A greater understanding of tasting and appreciating wine can certainly enhance your enjoyment of it. Tasting is not only important for finished wines, but also critical during the winemaking process. For consumers, rather than correctly identifying a wine’s varietal character and/or provenance, tasting should be about exploring and expressing your preferences. Experiencing wine with food is really engaging wine in its preferred natural habitat – the fun is in trying and having an opinion. Wine, although sometimes elevated to a position of cultural reverence, is above all made for drinking and for pleasure.
Step One – Look:
- Clarity is an indication of the character and condition of the wine.
- Colour (intensity and hue) should be assessed. Colour can help determine the variety and/or age of the wine. Red wine goes from red to brown as it ages, white wine from light green/yellow to gold.
- The ‘tears’ left on the inside side of the glass after swirling can be indicative of the amount of glycerol and alcohol present in the wine.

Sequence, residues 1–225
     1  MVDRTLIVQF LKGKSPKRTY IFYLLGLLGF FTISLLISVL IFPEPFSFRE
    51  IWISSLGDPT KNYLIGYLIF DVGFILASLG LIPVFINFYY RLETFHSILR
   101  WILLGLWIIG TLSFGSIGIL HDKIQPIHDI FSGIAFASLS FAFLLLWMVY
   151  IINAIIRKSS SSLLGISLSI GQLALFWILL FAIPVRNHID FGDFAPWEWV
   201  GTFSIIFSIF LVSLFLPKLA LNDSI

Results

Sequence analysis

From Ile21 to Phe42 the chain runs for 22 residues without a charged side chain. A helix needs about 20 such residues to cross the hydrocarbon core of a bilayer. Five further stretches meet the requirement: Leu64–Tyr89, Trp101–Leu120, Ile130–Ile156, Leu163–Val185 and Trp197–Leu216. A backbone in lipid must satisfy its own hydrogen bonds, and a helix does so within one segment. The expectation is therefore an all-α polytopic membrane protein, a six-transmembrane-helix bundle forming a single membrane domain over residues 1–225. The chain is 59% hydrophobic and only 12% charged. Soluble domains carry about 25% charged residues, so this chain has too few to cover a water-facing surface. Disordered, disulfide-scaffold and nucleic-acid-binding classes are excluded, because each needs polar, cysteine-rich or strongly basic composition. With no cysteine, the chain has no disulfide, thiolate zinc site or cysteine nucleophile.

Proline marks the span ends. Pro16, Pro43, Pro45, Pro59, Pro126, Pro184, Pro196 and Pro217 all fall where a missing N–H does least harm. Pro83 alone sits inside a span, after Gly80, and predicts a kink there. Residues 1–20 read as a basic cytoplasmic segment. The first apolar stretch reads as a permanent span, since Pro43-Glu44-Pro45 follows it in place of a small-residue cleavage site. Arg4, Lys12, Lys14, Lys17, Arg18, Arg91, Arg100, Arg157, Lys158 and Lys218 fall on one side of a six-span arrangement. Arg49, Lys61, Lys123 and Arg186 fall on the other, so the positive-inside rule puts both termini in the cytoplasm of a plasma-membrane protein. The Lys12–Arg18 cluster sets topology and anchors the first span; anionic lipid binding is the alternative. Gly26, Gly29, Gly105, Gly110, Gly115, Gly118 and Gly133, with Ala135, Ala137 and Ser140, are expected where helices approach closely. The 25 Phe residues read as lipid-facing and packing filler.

Step Two – Smell:
- Inhale and try and identify as many flavour compounds as possible.
- Aromas refer to smells derived from grapes and include fruit descriptors (for example lemon) and herbs and spices.
- Bouquet refers to smells derived from the winemaking process such as characters formed by yeasts, specific fermentation techniques or type and size of maturation vessel.
Step Three – Taste:
- The texture of a wine can provide clues as to how the wine is made.
- Progression of flavour from when the wine enters your mouth to after you swallow, is an indicator of the quality of the wine. A long aftertaste is generally a positive indication of quality.
- After looking, smelling and tasting, make an overall assessment of the wine – a lasting impression of harmony and balance is considered desirable and easiest to enjoy.